That said, carbon offsets aren’t the magic bullet companies often claim them to be. With minimal oversight, experts have have questioned how offsets are calculated, if the companies selling them are actually doing what they say, and if the benefits are overstated.

Aslam Iqbal/NurPhoto/Shutterstock

And carbon offsets aren’t a free pass to pollute.

Just as refusing, reducing, and reusing is more important than recycling, cutting back on your consumption before buying offsets is key, Schauer says.

It doesn’t make sense to live a lifestyle that just simply doesn’t care about emissions, is inefficient, drives a dirty car, and then just hopes to offset later.

Fly one less time.

If the pandemic taught us anything, it’s that most meetings could have been a calls. If you can carry that knowledge into your post-pandemic life and reduce unnecessary business travel by one trip per year, you could drastically cut your emissions and save your company some money, without depriving yourself of a vacation.

A round trip flight from JFK to LAX emits on average just over 565 kg of CO2 per economy class passenger. The carbon footprints of first class and business class seats, which are heavier and take up more space, are even larger.


Train travel is your best bet for reducing emissions; and in many cases (particularly short trips), driving beats flying when it comes to minimizing your carbon footprint.

According to Rare’s report, cutting 140 million business flights between now and 2050 could keep anywhere from two to 17 gigatons of CO2 out of the atmosphere.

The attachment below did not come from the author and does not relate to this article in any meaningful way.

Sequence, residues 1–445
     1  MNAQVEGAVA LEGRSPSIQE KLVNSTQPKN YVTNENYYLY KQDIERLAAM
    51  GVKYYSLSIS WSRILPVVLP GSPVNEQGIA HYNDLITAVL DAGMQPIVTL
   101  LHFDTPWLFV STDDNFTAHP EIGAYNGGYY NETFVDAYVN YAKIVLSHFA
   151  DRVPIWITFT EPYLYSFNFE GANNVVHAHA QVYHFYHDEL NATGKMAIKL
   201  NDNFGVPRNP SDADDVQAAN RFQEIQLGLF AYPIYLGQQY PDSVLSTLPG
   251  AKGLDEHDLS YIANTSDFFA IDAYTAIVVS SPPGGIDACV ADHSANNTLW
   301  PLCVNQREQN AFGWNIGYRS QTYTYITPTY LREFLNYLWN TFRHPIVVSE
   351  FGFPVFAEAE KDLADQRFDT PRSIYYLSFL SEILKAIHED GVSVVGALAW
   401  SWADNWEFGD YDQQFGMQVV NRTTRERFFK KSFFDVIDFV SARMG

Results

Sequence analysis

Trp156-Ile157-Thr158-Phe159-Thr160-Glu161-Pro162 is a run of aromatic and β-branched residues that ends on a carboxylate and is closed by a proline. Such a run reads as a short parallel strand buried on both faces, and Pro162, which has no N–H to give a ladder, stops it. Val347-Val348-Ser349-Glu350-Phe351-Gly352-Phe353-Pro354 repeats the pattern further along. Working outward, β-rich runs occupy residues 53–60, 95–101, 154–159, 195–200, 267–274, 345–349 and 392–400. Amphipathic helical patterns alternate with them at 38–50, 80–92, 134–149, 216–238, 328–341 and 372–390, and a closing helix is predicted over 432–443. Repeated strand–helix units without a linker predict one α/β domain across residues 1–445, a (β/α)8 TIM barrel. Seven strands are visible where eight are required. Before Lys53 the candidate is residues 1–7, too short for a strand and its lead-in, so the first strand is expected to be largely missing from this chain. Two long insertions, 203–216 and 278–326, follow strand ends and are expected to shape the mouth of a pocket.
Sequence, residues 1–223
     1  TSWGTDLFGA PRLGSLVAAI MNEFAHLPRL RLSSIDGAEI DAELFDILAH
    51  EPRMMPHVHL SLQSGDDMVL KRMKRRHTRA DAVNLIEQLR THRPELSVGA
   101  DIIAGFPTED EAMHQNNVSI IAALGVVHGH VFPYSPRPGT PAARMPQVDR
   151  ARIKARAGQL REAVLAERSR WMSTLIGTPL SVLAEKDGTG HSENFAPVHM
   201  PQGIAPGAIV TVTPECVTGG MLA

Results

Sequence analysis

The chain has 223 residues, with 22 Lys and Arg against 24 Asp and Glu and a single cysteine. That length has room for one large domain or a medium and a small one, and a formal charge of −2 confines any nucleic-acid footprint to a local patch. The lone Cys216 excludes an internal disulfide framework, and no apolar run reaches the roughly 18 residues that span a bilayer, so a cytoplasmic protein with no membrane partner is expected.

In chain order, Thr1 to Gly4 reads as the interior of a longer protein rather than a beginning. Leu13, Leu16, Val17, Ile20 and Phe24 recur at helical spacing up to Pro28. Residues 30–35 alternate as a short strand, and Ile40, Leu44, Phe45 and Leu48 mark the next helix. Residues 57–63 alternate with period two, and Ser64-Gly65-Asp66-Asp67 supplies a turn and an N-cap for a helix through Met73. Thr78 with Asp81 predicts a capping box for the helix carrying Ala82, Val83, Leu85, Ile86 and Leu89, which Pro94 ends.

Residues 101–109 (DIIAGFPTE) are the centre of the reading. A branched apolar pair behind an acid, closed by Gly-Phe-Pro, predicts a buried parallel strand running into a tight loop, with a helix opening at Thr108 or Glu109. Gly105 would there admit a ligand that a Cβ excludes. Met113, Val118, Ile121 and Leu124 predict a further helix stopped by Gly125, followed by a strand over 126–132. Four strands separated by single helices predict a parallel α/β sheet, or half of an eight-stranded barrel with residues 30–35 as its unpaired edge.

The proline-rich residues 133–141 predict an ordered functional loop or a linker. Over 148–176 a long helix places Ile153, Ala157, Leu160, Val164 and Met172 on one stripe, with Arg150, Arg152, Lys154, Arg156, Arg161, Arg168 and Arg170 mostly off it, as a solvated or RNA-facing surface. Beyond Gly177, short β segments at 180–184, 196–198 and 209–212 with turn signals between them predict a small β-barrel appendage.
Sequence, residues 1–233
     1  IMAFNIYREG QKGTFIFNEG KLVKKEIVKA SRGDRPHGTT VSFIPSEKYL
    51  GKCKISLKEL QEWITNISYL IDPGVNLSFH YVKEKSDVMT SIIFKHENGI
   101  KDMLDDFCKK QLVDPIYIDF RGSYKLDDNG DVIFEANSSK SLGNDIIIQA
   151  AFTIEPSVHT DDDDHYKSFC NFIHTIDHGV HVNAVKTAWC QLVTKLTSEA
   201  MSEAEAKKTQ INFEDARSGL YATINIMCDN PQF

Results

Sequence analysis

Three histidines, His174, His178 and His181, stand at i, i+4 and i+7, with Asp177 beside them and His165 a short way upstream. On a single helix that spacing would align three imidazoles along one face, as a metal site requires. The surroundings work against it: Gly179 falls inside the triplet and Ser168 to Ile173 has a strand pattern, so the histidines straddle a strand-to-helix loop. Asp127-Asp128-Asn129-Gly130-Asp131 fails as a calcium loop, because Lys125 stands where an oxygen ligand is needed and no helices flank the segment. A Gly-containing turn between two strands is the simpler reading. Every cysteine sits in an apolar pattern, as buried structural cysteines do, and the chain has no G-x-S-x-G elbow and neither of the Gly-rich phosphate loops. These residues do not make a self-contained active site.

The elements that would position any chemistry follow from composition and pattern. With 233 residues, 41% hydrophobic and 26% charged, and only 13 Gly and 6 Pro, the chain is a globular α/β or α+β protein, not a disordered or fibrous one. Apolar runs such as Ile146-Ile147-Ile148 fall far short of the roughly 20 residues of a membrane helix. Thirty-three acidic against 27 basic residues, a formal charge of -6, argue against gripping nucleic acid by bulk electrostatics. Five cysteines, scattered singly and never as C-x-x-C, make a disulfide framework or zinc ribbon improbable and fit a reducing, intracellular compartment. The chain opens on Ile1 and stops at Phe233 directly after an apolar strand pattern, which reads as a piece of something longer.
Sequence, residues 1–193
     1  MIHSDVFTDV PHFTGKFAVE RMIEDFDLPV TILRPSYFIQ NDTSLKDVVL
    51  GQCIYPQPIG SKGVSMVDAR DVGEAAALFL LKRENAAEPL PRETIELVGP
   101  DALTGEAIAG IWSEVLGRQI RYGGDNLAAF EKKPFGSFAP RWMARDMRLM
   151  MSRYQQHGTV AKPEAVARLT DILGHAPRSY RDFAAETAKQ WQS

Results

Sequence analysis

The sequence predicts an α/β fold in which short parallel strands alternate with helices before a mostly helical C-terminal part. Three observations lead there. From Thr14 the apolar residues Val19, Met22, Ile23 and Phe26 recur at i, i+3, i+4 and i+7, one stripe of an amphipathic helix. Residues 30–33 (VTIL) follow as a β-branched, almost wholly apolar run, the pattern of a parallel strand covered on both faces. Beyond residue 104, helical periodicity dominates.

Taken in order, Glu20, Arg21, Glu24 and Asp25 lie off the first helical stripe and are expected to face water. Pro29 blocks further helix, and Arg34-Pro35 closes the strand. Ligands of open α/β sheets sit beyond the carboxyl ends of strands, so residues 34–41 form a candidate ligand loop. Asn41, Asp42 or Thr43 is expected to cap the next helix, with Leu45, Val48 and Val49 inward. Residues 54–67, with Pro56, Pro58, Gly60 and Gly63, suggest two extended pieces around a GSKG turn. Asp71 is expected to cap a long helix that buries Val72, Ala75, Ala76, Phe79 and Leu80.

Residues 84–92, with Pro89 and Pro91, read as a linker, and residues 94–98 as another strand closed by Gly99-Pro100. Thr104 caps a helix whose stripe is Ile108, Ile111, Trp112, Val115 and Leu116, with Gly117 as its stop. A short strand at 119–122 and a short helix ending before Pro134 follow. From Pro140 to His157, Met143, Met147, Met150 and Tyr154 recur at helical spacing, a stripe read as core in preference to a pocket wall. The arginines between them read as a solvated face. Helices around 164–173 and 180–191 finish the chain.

But the lowest-emitting option — staying home — is also the easiest.


Elected officials matter when it comes to addressing climate change. As president, Donald Trump consistently rolled back environmental protections. He made it easier for companies to dump toxic coal ash, lifted bans on fossil fuel exploration in coastal waters and a wildlife refuge, and withdrew from the Paris Climate Agreement, among other things.

If he had been re-elected, it’s safe to say the U.S. wouldn’t have re-entered that agreement, and we certainly wouldn’t have committed to halving greenhouse gas emissions by 2030.

Looking further back, if Richard Nixon hadn’t been president, we might not have the Endangered Species Act, the Clean Air Act, or the Environmental Protection Agency (surprisingly green guy, Nixon).


And it’s not just about the Oval Office.

Voting in candidates who will act on climate change in Congress and at the state and local levels can help prevent the kind of deregulation we saw from Trump — which was mostly accomplished via executive order because Congress hadn’t enshrined many Obama-era environmental protections in law.

To pass the Green New Deal, the most ambitious congressional proposal for tackling climate change, we must elect enough candidates who support it.

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The bottom line:

These individual behaviors may only reduce global carbon emissions by a tiny amount — but when it comes to your role in the climate emergency, you simply can’t view your actions in a vacuum. The influence your behavior has on the people around you is just as important as the behavior itself, Schauer says. Solar power, for instance, can be contagious; when one house on the block installs solar panels, others often follow.

“The best predictor” of whether or not someone will change their behavior, Schauer says, “is actually whether others around you are doing something, and whether you think that they think it's important.”